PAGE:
Like most people, I love a good list – top 10 this, 15 best that, whatever it might be. So I was most interested to see a new e-book from Schneider Electric, “12 Ways to Save Energy in Your Data Center.”
As the intro to the ebook says, a big concern for data center managers these days is the rising cost of energy coupled with stagnating budgets. It continues:
- The purpose of this ebook is to give you 12 tips and tricks that you can implement today, without much time, effort or expense.
- Let’s call it the low-hanging fruit.
Addressing low-hanging fruit is pretty much always a good idea, but it was a bit disconcerting to read the first couple of tips laid out in the ebook.
Tip number 1 was “Power off unused equipment.” On the face of it, that seems painfully obvious. But in large data centers it can get difficult to find unused servers, especially in this era of virtualization where server loads can frequently move from one physical server to another. As the ebook points out, tools such as data center infrastructure management (DCIM) software can help you not only find idle servers, but adjust cooling requirements accordingly as server loads change over time.
The tip that surprised me most was number 2: Arrange racks to create hot aisles and cold aisles. As the ebook says:
- At this point in the history of the data center, this tip seems like a no-brainer. However, many data centers still do not employ hot-aisle or cold-aisle layout.
Yes, implementing hot aisle/cold aisle does seem like a no-brainer. It costs nothing more than some time and effort but will most certainly reduce energy loss and, as the ebook points out, prolong the life of your servers. Here at Schneider Electric we’ve been beating the hot aisle/cold aisle drum for years. I guess we’ll keep at it.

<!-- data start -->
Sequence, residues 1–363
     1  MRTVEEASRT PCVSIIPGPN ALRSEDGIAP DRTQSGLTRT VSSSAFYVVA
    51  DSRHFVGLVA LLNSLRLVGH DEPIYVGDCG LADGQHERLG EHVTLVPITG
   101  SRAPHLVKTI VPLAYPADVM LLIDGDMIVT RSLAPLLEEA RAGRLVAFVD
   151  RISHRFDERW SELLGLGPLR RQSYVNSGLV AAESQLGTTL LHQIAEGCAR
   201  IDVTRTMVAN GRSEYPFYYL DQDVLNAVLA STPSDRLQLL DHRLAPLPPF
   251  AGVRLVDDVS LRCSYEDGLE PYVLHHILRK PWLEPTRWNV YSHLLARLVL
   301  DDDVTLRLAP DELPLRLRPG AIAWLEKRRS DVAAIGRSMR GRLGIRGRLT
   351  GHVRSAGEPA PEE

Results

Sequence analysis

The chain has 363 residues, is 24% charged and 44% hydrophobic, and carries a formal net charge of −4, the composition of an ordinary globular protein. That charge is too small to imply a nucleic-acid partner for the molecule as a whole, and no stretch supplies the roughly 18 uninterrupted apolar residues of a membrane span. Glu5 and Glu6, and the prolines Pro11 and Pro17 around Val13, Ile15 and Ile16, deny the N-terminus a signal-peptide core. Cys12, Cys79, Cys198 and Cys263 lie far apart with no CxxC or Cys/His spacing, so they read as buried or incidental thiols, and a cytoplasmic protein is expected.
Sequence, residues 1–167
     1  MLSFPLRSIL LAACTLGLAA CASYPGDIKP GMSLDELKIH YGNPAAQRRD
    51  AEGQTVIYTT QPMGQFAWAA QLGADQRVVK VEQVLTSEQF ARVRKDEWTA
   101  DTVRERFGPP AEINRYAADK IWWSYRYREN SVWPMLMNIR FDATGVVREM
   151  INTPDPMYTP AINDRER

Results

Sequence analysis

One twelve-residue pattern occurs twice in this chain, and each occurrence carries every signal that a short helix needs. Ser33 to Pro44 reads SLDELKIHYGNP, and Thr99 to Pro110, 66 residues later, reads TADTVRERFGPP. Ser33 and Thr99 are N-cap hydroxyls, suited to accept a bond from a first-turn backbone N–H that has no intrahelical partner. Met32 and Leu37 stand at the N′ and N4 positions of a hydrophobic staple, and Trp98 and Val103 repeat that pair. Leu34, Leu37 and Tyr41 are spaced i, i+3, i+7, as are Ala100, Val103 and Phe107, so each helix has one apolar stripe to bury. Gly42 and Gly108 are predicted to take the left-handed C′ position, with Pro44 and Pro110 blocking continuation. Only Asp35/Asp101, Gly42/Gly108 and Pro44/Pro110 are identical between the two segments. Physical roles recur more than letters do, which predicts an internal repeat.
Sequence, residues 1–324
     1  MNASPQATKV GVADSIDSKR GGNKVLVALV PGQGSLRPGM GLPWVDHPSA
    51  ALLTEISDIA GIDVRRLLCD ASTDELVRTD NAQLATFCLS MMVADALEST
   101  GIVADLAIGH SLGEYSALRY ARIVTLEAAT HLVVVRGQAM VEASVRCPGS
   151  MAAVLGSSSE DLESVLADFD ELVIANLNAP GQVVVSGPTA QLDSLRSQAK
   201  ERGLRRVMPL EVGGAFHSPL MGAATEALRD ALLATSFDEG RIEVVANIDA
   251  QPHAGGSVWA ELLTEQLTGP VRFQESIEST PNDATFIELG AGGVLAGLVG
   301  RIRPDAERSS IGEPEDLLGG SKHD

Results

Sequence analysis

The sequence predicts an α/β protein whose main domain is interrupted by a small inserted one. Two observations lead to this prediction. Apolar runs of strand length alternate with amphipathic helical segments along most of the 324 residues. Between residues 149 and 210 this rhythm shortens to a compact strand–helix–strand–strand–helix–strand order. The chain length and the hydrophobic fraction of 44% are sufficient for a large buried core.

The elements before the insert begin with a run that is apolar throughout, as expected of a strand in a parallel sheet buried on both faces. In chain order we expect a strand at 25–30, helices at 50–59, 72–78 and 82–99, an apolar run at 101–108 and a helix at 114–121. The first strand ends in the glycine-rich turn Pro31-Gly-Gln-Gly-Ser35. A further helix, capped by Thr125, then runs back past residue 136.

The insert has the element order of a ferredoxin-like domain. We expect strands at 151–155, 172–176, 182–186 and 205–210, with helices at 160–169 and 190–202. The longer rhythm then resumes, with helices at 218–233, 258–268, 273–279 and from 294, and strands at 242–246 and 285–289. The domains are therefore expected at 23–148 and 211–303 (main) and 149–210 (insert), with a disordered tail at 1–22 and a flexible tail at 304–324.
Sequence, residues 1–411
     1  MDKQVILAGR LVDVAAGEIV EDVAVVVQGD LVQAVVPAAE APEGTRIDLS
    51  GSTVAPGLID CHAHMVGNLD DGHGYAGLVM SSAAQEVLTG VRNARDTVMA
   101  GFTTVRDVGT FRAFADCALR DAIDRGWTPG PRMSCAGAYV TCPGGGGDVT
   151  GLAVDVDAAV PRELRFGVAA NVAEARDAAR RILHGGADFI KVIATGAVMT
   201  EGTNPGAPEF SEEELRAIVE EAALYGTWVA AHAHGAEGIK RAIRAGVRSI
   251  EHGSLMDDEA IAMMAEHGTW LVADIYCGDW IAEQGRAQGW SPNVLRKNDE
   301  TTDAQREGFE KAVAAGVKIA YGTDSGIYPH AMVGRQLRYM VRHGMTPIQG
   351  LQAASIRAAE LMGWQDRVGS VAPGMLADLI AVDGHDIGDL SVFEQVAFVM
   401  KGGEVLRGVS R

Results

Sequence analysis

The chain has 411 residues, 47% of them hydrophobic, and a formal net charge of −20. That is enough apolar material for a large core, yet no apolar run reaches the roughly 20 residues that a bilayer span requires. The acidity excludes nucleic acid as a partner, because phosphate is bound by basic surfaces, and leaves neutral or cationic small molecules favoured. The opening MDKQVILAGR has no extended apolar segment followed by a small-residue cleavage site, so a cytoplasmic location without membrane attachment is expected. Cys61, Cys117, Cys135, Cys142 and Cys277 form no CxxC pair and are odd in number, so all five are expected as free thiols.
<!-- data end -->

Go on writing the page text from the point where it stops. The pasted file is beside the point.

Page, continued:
On the other hand, number 3 is a tip that I’ll bet many data center operators haven’t addressed: Tune redundant systems. Redundant systems are those used to back up primary systems, whether a UPS, server or the like. Given these systems are typically running at far below their rated capacity, the ebook says you should tune them for fractional-load efficiency. Good idea.
I also like tip number 6, which is to install adaptable power and cooling. The idea here is to “right-size” your data center, meaning you have enough cooling capacity to efficiently handle the IT load that you are actually running, not the load the data center can handle when it’s at full capacity. As the ebook says:
- By turning on power and cooling only as needed, you save on energy consumption and extend the life of your systems, which defers capital costs until needed.
There’s also a tip about using economizer mode to get “free cooling” during at least some months of the year. This is a timely one, as recent updated guidelines from the American Society of Heating, Refrigeration, and Air conditioning Engineers (ASHRAE) effectively make it possible for many data centers to use economizer mode more often. That’s because ASHRAE has changed its guidance as to the temperatures data centers can operate at, increasing them substantially in many instances. Check out this post from my colleague John Tuccillo on that.
And to learn more about economizer mode, take the short, free online course at Schneider Electric Energy University, “Economizer Modes of Data Center Cooling Systems.” You’ll find it in the College of Data Centers at Energy University.
To learn more practical energy saving tips, check out the ebook, “12 Ways to Save Energy in Your Data Center.”
9 years ago
Data centre cooling and cabling effect